Microbially induced mineral precipitation is a fundamentally important phenomenon in natural and engineered environments. For example, microbially mediated carbonate mineral formation and dissolution account for an important part of the global carbon cycle and have the potential to bind large amounts of carbon dioxide. Microbially induced calcium carbonate precipitation has also been proposed for a number of engineered applications including but not limited to protection of construction materials, soil stabilization, and environmental remediation. Due to their complex nature however, sufficient understanding and control of these processes remain a challenge. The rate and extent of mineral formation is influenced by the interaction of biological, chemical, geological, and hydrological processes. Biofilms and attached microorganisms have been shown to play a significant role in these processes.  

The workshop will be held at the Center for Biofilm Engineering, Montana State University in Bozeman, Montana.  Participants including experts in both experiment and modeling will discuss the current state of knowledge and concepts in this field.  

We expect that some financial assistance for participants will be available. Please contact Tianyu Zhang for details—(406) 994-3919 or zhang@math.montana.edu

View draft agenda (pdf)


Organizing Committee 

Al CunninghamRobin GerlachIsaac KlapperTianyu Zhang
Montana State University

Confirmed Speakers

Benito Chen, University of Texas at Arlington
Yohan Davit, Oxford University, UK
Bruce Fouke, University of Illinois
Markus Hilpert, Johns Hopkins  University
Andy Mitchell, Aberystwyth University, UK
Cristian Picioreanu, Delft University of Technology, The Netherlands
Marcel Schaap, University of Arizona
Tim Scheibe, Pacific Northwest National Laboratory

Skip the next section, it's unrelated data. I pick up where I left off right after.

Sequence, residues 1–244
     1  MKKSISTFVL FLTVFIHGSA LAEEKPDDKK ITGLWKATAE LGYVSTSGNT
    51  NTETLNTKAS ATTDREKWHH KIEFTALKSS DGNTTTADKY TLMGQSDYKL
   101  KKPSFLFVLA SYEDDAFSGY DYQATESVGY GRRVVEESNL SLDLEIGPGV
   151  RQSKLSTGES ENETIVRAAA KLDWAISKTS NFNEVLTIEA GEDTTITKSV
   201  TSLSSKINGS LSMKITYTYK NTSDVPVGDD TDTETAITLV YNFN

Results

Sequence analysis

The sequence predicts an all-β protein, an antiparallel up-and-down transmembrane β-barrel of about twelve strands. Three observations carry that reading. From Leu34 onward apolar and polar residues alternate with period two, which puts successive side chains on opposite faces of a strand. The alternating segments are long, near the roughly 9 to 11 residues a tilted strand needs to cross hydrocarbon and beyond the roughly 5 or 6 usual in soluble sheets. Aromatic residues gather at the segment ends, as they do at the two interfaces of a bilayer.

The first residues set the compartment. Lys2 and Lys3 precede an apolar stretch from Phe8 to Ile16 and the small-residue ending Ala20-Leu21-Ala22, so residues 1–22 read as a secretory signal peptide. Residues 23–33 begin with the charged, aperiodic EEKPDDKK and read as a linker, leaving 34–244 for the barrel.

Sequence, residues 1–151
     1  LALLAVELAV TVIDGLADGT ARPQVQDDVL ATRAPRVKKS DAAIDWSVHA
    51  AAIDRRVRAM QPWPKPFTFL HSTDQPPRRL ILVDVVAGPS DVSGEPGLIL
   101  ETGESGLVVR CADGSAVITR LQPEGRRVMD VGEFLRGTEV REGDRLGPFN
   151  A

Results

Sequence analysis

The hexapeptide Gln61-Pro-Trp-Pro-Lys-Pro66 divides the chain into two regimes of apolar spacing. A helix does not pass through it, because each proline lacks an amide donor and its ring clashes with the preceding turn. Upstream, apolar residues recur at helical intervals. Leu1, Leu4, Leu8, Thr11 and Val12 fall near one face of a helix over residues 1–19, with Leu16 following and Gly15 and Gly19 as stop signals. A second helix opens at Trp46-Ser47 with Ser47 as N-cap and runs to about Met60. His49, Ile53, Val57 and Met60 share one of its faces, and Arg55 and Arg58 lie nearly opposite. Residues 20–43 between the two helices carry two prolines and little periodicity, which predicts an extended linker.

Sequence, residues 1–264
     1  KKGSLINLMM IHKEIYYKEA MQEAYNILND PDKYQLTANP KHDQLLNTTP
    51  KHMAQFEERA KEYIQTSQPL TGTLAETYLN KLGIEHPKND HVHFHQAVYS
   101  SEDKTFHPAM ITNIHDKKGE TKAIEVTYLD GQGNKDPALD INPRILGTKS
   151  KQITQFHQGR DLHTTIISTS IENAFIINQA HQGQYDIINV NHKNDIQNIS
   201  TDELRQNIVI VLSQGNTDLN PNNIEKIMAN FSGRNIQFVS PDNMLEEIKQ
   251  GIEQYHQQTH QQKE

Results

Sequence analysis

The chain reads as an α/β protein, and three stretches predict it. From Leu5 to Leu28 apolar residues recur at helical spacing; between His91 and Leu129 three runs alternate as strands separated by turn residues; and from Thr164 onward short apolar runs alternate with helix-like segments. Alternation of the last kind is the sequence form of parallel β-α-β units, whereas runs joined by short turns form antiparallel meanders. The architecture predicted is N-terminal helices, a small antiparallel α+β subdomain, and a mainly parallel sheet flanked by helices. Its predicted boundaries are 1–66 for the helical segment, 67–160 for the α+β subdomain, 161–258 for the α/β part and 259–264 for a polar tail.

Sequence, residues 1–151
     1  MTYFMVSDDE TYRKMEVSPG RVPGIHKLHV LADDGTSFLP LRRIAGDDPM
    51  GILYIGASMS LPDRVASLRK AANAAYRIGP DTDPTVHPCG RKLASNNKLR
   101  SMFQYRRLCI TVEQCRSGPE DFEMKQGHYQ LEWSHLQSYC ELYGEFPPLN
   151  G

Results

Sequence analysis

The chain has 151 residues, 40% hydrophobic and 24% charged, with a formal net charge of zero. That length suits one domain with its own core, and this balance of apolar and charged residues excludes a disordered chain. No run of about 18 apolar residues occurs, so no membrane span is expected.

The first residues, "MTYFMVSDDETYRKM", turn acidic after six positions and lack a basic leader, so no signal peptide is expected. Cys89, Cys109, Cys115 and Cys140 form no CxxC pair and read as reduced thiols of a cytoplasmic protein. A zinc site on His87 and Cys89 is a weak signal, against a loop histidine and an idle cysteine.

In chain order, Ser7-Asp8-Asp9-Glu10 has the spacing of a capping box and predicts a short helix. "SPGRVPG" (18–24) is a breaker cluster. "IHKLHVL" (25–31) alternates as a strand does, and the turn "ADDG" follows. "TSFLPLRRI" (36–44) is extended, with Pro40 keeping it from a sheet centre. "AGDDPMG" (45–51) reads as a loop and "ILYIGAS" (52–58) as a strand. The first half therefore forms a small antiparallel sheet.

Qi Wang, University of South Carolina 
Dorthe Wildenschild, Oregon State University


NSF—Collaboration in Mathematical Geosciences (CMG)
Center for Biofilm Engineering (CBE) 

Optional Sessions

Breakout session: Biofilm modeling, Tuesday, August 7, 2012

Join us for a half-day, optional breakout session on biofilm modeling on Tuesday, August 7th. Instructors: Cristian Piciorneau, Delft University of Technology, The Netherlands; Issac Klapper and Tianyu Zhang, Montana State University

Tour to Yellowstone National Park, Friday, August 10, 2012

Bruce Fouke, professor in geology and biology, and director of the Institute for Genomic Biology at the University of Illinois at Urbana-Champaign will be conducting a tour into the Mammoth Hot Springs of Yellowstone National Park. The tour, “Biotic and abiotic influences on travertine formation at Mammoth Hot Springs,” is derived from Dr. Fouke's 2011 publication in Sedimentology58(1):170-219. The group will stop for lunch at Mammoth Hot Springs. View Dr. Fouke's publication at the Wiley Online Library

Evening Dinner

The workshop organizers are hosting a casual dinner on Wednesday, August 8th at the Beall Park Arts Center, a local favorite. Enjoy mingling with colleagues over a locally-flavored meal in a relaxed atmosphere.


The deadline for receiving discounted rooms at our contracted hotel was July 9th. Rooms may still be available at a rate of $129 per night (plus 7% tax and $1). Please contact Homewood Suites directly at (406) 587-8180. To receive the $129 rate, mention MSU, Center for Biofilm Engineering. The Homewood Suites offer the following complimentary amenities:

  • Airport shuttle
  • Campus and downtown Bozeman shuttle
  • Deluxe continental breakfast
  • Light meal in the evening 
  • Wireless access
  • Fitness room

Workshop Registration

Registration is currently closed.

We look forward to seeing you in Bozeman.